California moves to hold onto Hollywood
Its new budget offers tax credits to halt the exodus of film and TV production from the state.
Gov. Arnold Schwarzenegger made his name in Hollywood as "The Terminator." Now, California's governor is playing another kind of terminator: one trying to stop film and television production from leaving the state.Skip to next paragraph
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Billions are at stake, and not just for the upper echelons of the film industry – the actors, directors, producers.
In the past few years, as the US has seen millions of jobs move offshore to other countries, California's multi-billion dollar film industry has been socked by major film production moving to states such as New Mexico, Louisiana, and Michigan as well as to Canada and Australia, all of which have offered tax incentives to lure film production. Losses from these moves have been estimated to reach about $10 billion per year.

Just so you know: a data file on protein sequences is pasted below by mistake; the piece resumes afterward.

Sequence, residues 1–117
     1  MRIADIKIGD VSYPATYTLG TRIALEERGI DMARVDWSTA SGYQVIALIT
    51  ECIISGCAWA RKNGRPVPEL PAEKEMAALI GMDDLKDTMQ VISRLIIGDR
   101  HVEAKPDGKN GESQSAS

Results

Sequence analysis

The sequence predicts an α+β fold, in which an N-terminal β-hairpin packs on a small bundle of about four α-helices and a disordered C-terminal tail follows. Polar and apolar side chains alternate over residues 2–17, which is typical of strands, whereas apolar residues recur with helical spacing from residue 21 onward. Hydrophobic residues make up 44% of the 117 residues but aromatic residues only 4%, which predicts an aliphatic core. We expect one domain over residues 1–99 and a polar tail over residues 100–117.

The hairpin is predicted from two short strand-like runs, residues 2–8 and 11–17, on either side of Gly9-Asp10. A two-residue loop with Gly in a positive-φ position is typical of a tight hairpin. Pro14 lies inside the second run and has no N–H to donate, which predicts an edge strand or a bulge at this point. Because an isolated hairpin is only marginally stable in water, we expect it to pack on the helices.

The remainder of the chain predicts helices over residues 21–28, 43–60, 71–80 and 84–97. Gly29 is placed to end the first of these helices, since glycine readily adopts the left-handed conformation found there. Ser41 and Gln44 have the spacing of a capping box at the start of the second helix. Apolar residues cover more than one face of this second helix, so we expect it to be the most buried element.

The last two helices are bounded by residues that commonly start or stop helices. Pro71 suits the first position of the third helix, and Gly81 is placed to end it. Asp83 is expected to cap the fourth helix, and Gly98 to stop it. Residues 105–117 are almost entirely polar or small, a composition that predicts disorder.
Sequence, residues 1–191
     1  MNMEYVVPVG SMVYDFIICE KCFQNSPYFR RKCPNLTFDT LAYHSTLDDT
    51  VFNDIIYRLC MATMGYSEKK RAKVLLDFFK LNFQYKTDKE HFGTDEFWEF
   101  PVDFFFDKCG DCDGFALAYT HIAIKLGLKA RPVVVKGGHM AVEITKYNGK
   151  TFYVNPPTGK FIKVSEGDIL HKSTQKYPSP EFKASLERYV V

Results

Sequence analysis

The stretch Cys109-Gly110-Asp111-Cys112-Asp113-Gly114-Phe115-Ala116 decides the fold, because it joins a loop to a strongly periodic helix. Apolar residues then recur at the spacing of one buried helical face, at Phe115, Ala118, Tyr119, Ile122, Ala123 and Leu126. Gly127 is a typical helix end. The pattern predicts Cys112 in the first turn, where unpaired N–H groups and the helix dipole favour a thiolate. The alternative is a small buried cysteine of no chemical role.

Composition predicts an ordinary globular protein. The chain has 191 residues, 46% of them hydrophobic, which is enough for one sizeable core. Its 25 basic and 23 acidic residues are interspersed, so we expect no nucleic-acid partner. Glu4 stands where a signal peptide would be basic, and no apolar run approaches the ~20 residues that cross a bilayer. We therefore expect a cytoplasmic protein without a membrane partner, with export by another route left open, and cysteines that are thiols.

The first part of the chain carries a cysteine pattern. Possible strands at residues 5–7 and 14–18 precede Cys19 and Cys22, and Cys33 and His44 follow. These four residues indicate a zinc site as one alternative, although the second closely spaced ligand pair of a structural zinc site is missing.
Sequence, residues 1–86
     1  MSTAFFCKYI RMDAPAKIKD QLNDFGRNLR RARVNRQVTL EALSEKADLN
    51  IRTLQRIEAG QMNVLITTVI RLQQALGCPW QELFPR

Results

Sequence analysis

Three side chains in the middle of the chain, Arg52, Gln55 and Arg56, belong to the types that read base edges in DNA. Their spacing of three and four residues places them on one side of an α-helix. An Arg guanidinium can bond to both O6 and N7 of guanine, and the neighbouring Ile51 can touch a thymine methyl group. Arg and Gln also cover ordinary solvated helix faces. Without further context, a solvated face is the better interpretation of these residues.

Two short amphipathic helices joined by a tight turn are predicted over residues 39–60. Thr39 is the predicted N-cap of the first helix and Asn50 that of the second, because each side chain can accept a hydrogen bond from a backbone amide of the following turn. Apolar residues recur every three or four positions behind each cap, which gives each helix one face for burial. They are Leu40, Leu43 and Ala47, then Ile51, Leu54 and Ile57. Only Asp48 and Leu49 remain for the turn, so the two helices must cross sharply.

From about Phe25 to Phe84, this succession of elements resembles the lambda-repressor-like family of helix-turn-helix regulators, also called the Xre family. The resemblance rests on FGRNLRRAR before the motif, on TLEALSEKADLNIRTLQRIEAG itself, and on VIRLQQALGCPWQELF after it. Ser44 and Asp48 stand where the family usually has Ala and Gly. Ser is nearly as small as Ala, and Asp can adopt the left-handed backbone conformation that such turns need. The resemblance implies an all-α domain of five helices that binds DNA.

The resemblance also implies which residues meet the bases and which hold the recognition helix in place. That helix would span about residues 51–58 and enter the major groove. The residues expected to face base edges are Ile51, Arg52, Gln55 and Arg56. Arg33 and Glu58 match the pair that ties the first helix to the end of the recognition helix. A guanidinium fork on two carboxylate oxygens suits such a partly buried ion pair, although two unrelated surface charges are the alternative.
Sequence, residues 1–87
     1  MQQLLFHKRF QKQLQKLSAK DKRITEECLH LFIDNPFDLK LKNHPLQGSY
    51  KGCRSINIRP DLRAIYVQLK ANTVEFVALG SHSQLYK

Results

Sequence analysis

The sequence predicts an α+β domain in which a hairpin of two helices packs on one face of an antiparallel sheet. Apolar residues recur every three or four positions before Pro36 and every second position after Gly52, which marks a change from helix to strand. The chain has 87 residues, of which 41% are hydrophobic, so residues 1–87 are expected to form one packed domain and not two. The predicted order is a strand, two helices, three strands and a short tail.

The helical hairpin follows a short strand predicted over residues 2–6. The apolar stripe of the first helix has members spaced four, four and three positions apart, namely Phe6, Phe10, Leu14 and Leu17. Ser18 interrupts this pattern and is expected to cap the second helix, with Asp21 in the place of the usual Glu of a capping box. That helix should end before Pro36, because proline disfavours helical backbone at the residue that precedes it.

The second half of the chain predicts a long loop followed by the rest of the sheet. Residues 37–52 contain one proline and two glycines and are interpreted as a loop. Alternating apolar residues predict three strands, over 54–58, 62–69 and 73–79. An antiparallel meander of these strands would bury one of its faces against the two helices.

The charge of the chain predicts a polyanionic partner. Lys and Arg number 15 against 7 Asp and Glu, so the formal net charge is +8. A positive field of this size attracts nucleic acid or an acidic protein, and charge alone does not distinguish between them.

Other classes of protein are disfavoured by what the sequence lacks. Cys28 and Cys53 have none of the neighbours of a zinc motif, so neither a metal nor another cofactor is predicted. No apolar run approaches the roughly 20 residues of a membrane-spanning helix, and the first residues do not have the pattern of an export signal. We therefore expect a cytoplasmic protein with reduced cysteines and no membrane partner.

The state's refusal to play the subsidy game changed last week when Mr. Schwarzenegger signed a budget bill that included $100 million a year in tax credits for the industry for so-called below-the-line spending, which are payments to crew members other than the main stars and filmmakers.
"I can't breathe from the number of producers, executives, directors, studios calling to say, 'I was planning a production in New York, Florida – wherever – and I want to keep the production here in California, how can I apply?'" says Amy Lemisch, executive director of the California Film Commission. "This is having a gigantic effect."
Film and TV production has been moving out of California for years, Ms. Lemisch says, because of targeted campaigns by other states and countries. The fourth quarter of 2008 saw the number of location shoots in Los Angeles drop to 1,051 days, the lowest since 1994 when monitoring agencies first started keeping count. By contrast, the highest number of location shoots in the city was in 1996 with 4,059 days in a single quarter.
There has been a 50 percent decline in in-state film production from 2003 to 2008, that can be tracked to a time when other states began their campaigns to attract film and TV production, says Lemisch.